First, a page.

Kalinins, who served his apprenticeship at Derby County, working in the Rams’ Academy alongside Terry Westley, has experienced plenty of highs and lows in his career. He was part of the backroom staff when Birmingham City clinched ninth spot in the Premier League in 2010 - their highest top flight finish since 1958/59. A year later, the Blues lifted the Capital One Cup, beating Arsenal 2-1 at Wembley, but ultimately the team slipped out of the top flight after losing to Tottenham on the final day of the campaign.
Now he is helping put Wednesday’s players through their paces in Slovenia. Their five-day pre-season training camp in Maribor is a vital part of their preparations for the new Championship season, which begins in earnest at Brighton and Hove Albion on August 9.
So what are the squad getting up to?
“We are doing double sessions every day,” he said. “We train at 10am and then again at 6pm.
“Between 1pm and 5pm there is a session for recovery, team coaching work, stretching, flexibility, core work, video analysis, pool and gym work. All these little bits go together to make the athlete. It’s full-on.
“We had a hard running session after we arrived on Saturday. We had a game afterwards and the players all then used the spa, the sauna, ice baths and steam rooms.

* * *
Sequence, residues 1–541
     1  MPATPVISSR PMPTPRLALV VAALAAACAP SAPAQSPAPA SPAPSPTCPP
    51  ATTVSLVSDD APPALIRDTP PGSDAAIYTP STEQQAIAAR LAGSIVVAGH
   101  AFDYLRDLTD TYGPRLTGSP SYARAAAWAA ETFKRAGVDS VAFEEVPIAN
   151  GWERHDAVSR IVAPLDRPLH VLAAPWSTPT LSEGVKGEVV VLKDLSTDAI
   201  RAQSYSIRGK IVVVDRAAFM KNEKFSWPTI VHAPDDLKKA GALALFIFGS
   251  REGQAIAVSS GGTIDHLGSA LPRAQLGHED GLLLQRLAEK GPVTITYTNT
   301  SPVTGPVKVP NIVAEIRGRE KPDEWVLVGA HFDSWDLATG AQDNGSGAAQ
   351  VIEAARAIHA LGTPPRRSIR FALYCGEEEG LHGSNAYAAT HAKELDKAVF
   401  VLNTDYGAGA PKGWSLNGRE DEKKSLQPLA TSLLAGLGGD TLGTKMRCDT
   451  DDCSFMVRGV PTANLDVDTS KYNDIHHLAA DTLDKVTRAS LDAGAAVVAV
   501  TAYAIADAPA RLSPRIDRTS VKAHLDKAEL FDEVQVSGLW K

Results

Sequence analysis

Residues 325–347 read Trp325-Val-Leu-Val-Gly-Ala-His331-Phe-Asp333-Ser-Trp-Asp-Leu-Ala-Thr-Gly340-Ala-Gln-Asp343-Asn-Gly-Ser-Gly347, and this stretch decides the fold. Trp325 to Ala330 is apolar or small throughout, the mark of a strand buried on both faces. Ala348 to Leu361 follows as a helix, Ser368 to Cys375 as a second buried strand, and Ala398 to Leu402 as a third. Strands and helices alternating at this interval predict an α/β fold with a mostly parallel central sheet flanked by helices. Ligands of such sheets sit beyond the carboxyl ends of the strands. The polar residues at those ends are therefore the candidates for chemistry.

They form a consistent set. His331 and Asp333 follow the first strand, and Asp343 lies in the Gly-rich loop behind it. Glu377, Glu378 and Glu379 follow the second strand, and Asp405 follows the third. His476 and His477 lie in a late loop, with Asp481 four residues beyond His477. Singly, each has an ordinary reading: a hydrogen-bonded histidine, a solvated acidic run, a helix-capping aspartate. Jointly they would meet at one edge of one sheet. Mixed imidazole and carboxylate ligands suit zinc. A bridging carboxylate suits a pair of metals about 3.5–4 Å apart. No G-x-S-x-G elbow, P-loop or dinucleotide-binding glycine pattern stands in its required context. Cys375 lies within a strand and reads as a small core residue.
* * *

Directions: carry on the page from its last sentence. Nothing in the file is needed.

“The first couple of weeks of pre-season training is usually getting some miles into their legs. It’s aerobic and longer-distance running with recovery and then you run again. You maybe run three blocks of 10 minute runs.
“As pre-season progresses, we shorten the mileage and increase the intensity. In Slovenia, the players are running as hard as they can for four minutes. We will probably do three to four minutes non-stop. It’s great intensity, with a higher tempo and heartrate.
“We can put lots of fitness work into our sessions. Stuart (Gray) will then do a lot of coaching and tactical stuff. Every day is football based.”
As part of their initiation, Wednesday’s new recruits have to stand up on a stage and sing a song in front of the rest of the squad and management team. Goalkeeper Keiren Westwood belted out a couple of verses of Oasis’ Wonderwall while Matt Young attempted Aerosmith’s I Don’t Wanna Miss A Thing on Saturday night.
Kalinins said: “When you are away together, you are stuck there for that length of time. The pre-season training camp gives players and staff time to bond. Sometimes the most important factor is the way a team gels together.”
He has a unique perspective on work because his world was turned completely upside down in July 2011, when his wife, Hayley, was diagnosed with terminal cancer. It came only four weeks after the birth of their fourth child. The cancer spread to Hayley’s liver and then her lungs.
Andy said: “I took a year off work after Hayley was diagnosed. She was given six to eight months to live.
“But Hayley’s still alive. She’s just gone on a holiday with the kids to Norfolk.
“It was Hayley who sent me back to work. She told me I couldn’t stay at home.
“That tragic part of my life pushes me on, forcing me to be the best that I can be.”
He is grateful for the support he has received from everyone connected with Wednesday.
“I love the job that I do,” he said. “I leave Derby at 6.30am and I can’t wait to get to work. I know it’s a cliche but I look forward to going to work. All the players rally around me and help me. They help me with my life more than anyone else can.”